Friday, 16 December 2016

Christmas 2016

Today I have been thinking about Christmas 2013 when Lucy was fitted with her first halo. We had a real Christmas Angel that year.

This year it's amazing to see how far she has come. Her neck is strong and she rarely gets any pain now.

Lucy has had some trouble settling at school but she's trying real hard. She loves some lessons, especially music and drama, and others she hates. That's quite normal though isn't it. She particularly loves Band Musicianship which is something her school does, in fact it's the only school in the UK that does it. The kids are allowed access to all sorts of instruments, guitars, drums, pianos and so on, and they form bands and practice together in sound proof rooms. The teachers give very little input and leave the kids to be creative. We went to see all of the year 7 bands perform last week and they were great. Not perfect, but still great because you could see how much they all loved  what they were doing. Lucy's band did Adele's 'Hello' and Lucy was one of the two singers. I've heard her sing this song at home and she does it beautifully, however, on the stage she was nervous and shy and didn't belt it out like she used to.

We have decided not to give Lucy the Melatonin, it doesn't stop her from waking up early which is the main problem. We don't really want her relying on drugs to get her to go to sleep as it could become permanent. Also, after the first dose she was feeling sick the next day so we decided not to continue.

The psychologist also suggested giving her Movicol every day, but we already have enough problems and I don't believe that Movicol is the answer to any of them, but more of an added worry.

I'm picking her up from school at lunch time today, she's had difficulty keeping up with all the changes at school in the last week. I know most of the kids are hyper and excited and the school has taken this into consideration and they've had a week where the normal hard work has been put to one side and they've been learning through fun instead. Lucy has had fun but she's been left feeling confused and stressed because of all the changes.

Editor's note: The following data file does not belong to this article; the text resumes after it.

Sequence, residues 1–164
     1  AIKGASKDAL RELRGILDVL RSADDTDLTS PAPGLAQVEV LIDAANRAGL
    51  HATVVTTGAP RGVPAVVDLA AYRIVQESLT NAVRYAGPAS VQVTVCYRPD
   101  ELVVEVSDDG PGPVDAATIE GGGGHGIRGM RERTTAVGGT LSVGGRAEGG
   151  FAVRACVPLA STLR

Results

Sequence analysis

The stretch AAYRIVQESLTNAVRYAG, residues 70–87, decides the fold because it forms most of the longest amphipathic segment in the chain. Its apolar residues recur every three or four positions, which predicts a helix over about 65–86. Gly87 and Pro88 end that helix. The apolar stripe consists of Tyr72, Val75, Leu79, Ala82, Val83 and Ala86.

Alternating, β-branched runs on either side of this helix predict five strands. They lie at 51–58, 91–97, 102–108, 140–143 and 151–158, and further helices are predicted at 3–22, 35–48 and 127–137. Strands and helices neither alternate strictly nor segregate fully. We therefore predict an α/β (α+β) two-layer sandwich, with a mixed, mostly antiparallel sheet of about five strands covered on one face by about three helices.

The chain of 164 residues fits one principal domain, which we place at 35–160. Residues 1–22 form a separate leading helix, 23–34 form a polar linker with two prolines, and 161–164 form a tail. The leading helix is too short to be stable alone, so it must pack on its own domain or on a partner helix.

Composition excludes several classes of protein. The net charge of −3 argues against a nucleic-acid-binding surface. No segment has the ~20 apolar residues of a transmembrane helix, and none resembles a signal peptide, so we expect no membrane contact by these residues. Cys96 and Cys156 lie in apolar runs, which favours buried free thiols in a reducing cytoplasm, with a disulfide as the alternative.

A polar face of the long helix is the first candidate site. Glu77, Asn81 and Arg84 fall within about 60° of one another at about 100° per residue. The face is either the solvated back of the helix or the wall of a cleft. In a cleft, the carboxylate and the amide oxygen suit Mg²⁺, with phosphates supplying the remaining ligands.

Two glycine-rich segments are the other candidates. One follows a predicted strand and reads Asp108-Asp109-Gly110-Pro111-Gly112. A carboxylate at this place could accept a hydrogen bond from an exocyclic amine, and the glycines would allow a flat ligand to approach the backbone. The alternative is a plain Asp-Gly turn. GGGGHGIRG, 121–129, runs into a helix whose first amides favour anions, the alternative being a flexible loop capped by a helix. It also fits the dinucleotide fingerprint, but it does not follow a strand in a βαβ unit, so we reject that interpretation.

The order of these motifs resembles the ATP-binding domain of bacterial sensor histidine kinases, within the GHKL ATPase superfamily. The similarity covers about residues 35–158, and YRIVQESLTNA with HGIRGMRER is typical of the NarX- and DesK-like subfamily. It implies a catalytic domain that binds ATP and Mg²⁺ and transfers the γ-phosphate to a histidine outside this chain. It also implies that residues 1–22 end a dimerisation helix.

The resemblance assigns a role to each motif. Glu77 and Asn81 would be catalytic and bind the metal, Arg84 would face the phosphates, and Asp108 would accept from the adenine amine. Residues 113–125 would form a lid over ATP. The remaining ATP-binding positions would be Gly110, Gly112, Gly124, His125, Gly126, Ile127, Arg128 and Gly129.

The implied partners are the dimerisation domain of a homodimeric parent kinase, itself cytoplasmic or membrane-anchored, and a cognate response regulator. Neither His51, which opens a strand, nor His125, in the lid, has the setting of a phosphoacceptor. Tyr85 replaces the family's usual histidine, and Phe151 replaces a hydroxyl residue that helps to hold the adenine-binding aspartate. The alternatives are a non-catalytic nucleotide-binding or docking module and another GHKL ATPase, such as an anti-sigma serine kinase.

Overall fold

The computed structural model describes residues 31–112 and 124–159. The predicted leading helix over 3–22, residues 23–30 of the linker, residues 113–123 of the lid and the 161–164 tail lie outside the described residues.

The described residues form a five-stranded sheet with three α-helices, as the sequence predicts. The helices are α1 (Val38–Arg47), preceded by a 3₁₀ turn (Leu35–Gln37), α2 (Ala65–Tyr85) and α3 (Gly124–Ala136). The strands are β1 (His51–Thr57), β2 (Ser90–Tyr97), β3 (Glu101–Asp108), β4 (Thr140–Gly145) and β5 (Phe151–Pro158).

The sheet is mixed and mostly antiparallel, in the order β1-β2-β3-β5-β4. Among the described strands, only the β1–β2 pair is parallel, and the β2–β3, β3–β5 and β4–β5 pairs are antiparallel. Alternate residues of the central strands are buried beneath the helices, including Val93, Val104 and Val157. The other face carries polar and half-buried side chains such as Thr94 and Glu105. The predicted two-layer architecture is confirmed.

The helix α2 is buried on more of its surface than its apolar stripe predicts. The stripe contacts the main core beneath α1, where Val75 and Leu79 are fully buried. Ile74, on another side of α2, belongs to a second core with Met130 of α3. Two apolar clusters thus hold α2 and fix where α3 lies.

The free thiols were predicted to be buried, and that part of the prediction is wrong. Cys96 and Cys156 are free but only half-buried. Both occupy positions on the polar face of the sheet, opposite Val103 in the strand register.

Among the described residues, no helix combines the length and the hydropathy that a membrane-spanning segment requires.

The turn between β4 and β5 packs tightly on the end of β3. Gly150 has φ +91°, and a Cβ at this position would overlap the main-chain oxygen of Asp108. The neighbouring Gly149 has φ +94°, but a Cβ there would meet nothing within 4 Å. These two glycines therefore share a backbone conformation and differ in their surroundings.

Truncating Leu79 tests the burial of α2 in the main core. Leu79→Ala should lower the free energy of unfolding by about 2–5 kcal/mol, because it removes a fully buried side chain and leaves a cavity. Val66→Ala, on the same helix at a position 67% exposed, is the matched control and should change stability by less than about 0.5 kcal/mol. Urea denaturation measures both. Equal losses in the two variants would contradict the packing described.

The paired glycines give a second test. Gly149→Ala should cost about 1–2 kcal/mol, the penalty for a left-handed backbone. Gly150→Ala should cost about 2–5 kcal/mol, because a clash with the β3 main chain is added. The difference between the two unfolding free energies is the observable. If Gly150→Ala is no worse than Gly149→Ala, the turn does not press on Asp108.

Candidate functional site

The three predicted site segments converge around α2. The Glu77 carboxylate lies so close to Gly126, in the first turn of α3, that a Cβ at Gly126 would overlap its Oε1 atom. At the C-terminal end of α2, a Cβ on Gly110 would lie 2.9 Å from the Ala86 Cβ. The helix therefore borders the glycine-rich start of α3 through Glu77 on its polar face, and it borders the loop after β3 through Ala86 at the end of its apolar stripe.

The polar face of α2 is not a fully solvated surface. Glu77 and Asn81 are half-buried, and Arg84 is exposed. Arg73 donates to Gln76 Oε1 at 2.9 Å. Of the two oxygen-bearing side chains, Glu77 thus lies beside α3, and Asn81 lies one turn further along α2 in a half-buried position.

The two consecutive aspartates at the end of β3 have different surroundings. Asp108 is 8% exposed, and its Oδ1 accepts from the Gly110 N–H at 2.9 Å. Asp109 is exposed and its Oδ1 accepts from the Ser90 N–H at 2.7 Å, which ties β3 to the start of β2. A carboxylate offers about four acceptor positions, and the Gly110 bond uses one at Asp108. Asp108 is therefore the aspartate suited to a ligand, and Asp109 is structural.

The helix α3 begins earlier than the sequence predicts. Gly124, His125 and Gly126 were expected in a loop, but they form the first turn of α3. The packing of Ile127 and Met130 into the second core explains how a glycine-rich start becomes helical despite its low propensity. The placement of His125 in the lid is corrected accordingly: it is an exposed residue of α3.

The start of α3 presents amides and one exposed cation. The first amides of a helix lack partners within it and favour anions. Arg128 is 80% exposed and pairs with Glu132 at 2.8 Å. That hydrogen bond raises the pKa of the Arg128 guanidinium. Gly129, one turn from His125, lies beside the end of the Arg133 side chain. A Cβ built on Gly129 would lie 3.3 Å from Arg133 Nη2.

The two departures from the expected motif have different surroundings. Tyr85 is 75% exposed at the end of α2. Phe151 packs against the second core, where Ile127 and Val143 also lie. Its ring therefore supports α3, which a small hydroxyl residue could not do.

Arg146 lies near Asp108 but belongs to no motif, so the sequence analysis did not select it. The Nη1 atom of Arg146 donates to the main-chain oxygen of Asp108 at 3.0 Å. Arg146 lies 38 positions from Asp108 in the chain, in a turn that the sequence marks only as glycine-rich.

After today she will not have to worry about school until next year, so we will be getting into the Christmas spirit.

Thursday, 17 November 2016

A visit with the Psychologist

We had an appointment with the psychologist today, we've not had one for over a year. We've been going to the same place for over five years now and Lucy walked into the office in a real chirpy mood.
"I've not been to see you for ages!"
"Everything looks smaller in here, have I grown so much!"
"I'm at a new school now."

This was before the Doctor had had a chance to speak more than an hello to her.

She was asked about her school and told her which one she was going to, and about the bullying and how it had all been sorted out now. She really was chatty and cheerful, like she was happy to be there. Then she went off to play with some of the (babyish) toys while I was left to speak to the Doctor.

We talked about school, her incontinence problems and her sleep patterns.
Lucy was weighed and measured (yes, she's grown again!) and then examined on the bed where she complained of a sore tummy.

Then she went back to playing while we discussed what our next steps were.

She is going to be referred to the incontinence nurses (I never knew they existed) for help in that area. In the meantime I have to give her Movicol more regularly.

She has been prescribed Melatonin as a trial to aid her sleep problems. We don't think this will help though because Melatonin is used to help someone to go to sleep, Lucy's problem lies in waking up way too early and not going back to sleep. Even if we keep her up later she doesn't sleep longer in the morning. She does have trouble going to sleep some nights and will come downstairs two or three times until I go to bed. Then she comes into our room and sleeps in the spare bed we have. If she does sleep in her own bed she will be awake by 4am and then come into the spare bed in our room. Sometimes she will go back to sleep, but mostly she will play on my mobile until it's time to get up. I used to get up early with her, around 6ish but since I got sick myself I find I can't wake so early anymore due to the drugs I have to take.